From setbacks to Sea Grant, Penn State Erie embraces sustainability

August 23, 2006

Environmental sustainability can be thought of as living within a budget. The Earth's resources are finite, so people have a responsibility to use them wisely.

Over the past decade, Penn State Erie has accelerated the pace of sustainability efforts that date back to its founding in 1948. When Penn State was given Mary Behrend's 400-acre Glenhill estate to create a presence in Erie, the University chose to retain the gentleman's-farm feel of the Behrend family's weekend retreat. Rather than bulldoze and start fresh, existing buildings were used for classroom and office space, right down to the sheep barn and car garages.

Much expansion has taken place in the ensuing 50-plus years. The campus is now 725 acres with an enrollment of nearly 4,000 students. New buildings were added, but with forethought and planning given to their environmental impact and keeping the rural character of the campus intact. In the sustainability spirit of waste not, want not, there is a campus legend that the dog kennels are still in use as faculty offices.

Still, in 2001, it was decided that sustainability needed to become a formal goal rather than a happy byproduct of chance or individual initiative. "It became a major push, from the University Provost on down," said Thomas Wortman, senior project associate for research and coordinator of Penn State Erie's efforts to mitigate its environmental impact. "We formed the Greener Behrend Task Force, and we started to focus on deliverables to measure our commitment to preserving the campus' historic integrity."

The Greener Behrend Web site (at online) lists 94 environmental sustainability strategies and the progress on each. Completed goals include:

-- Use of geothermal heating in residence halls.

-- Reclaim heat from the Junker Center pool area to use in other parts of the building.

-- Utilize automatic heating and cooling setbacks when buildings aren't in use and automatic light shutoff for parking lots during breaks and for classrooms and hallways when not in use.

-- Creation of the Arboretum at Penn State Erie, which is registered with the American Public Gardens Association. More than 200 species of trees are represented in the Arboretum, including at least one example of each state tree.

There's also a classroom and research component to sustainability.

-- In June, 15 students in "Science, Engineering, and Technology 497A: Environmental Issues in Eastern Europe," traveled to the city of Cottbus, in the former East Germany, to study efforts to remediate post-Soviet industrial pollution and compare Baltic coast erosion issues to those faced locally along the Lake Erie shoreline. The course was taught by Tony Foyle, assistant professor of geology, along with colleagues from Germany. Partial funding was provided by the German government.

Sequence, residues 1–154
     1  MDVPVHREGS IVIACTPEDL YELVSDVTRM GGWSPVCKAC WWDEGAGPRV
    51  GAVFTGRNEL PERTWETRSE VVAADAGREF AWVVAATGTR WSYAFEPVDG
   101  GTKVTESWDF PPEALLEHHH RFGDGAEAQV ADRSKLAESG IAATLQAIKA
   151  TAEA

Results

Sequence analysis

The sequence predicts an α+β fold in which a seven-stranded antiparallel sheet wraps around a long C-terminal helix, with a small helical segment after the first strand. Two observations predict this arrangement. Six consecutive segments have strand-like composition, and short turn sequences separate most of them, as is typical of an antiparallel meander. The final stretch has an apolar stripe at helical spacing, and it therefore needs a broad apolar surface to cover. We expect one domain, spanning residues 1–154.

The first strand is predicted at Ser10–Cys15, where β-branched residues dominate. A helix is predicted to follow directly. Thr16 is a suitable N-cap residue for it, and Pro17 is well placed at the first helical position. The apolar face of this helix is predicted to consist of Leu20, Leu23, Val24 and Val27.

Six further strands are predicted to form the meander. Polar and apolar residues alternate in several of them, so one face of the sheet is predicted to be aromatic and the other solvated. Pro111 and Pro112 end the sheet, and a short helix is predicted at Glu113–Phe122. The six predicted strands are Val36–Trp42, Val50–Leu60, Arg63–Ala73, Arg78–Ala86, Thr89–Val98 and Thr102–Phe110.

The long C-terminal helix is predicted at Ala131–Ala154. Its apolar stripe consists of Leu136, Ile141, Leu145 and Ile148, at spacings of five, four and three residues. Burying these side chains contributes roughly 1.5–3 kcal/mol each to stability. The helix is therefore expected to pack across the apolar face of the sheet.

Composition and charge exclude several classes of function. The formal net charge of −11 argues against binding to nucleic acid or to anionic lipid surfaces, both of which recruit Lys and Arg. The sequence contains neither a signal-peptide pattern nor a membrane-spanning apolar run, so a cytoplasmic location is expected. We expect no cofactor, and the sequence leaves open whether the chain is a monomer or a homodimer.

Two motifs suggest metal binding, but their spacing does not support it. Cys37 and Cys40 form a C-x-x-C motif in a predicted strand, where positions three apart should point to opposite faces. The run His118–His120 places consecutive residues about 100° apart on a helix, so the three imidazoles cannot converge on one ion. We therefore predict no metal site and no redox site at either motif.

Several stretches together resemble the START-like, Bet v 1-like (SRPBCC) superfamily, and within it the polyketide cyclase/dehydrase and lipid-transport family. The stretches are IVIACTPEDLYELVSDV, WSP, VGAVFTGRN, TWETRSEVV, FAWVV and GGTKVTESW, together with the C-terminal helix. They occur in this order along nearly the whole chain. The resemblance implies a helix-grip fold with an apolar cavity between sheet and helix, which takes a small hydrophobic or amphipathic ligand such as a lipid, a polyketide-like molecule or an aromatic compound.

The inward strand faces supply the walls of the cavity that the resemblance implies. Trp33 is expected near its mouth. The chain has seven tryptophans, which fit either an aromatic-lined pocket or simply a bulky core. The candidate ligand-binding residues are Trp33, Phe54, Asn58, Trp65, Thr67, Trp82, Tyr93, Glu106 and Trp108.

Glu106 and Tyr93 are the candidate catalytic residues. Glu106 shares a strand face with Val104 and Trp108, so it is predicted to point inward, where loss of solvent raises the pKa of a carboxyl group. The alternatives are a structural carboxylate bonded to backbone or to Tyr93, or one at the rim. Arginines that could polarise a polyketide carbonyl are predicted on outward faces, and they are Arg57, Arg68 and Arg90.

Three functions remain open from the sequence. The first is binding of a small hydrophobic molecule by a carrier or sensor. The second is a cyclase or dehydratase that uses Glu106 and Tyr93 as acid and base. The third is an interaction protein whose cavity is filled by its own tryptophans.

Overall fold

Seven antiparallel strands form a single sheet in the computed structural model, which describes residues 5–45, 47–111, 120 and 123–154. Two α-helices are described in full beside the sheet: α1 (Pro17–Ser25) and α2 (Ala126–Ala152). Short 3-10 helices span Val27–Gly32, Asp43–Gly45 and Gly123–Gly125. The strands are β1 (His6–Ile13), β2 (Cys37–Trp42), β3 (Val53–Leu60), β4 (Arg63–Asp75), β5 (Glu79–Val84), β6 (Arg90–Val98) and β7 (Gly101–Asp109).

-- Also in June, 30 Penn State Erie students studied tropical field biology in Costa Rica for the course "BIO 497: Tropical Biology," team-taught by Lisa Mangel and Jeanette Schnars, lecturers in biology.

-- The college was a guiding force behind the 31-member Regional Science Consortium, which coordinates research and educational projects for Lake Erie and the upper Ohio River basin.

-- Pennsylvania Sea Grant is housed at Penn State Erie, but provides coastal ecological and economic sustainability resources across Pennsylvania. Sea Grant is a partnership of Penn State, the commonwealth of Pennsylvania, the National Oceanic and Atmospheric Administration (NOAA) and is part of the National Sea Grant College Network.

-- In spring 2006, the college received $231,000 in funding from the state to launch an Applied Energy Research Center. The new center fosters development of innovation to improve energy efficiency. This innovation can take many forms, from development of advanced manufacturing products to exploring new uses of wind and solar power.

Sustainability of the campus itself is reflected in projects as large as highway construction and as mundane as mowing:

-- "During the planning stages for the Bayfront Connector highway that now runs to the east of the campus, the college voiced its environmental concerns early and often," Wortman said. PennDOT was receptive to Penn State Erie's concerns, which is reflected in the highway's dip below grade as it passes campus, and the many mounded plantings along the highway, both of which help alleviate noise pollution. "Conservation is about balancing progress with preservation," Wortman added.

-- Some fields on campus are mowed only twice a summer, and let go to meadow the rest of the season. Meadows don't consume fuel or salary needed for mowing, Wortman said, and provide habitat for wildflowers and small animals.

-- This fall, the campus will begin a new effort to alleviate water outfalls on the bluff face of the campus' portion of Wintergreen Gorge. Caused by water runoff from campus development, these outfalls hasten erosion of the bluff. Using Penn State funding plus financial assistance from the state Department of Environmental Protection and Coastal Zone Management, and the Great Lakes Commission, the campus will fix the present damage and prevent outfalls from happening again. "We do not have to do this," Wortman noted. "There's no regulation or mandate. But we want to repair the bluff because it's the right thing to do."

Students new to Penn State Erie this fall will receive information that helps them keep the campus green, from tips for reducing water and food waste to opportunities to become active in on-campus green student groups and their activities. Anyone wishing to learn more about the campus efforts or how they can build on Penn State Erie's success in their own environment, can check out the Web site (at online) contact Thomas Wortman directly at (814) 898-6160 or e-mail

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Last Updated March 19, 2009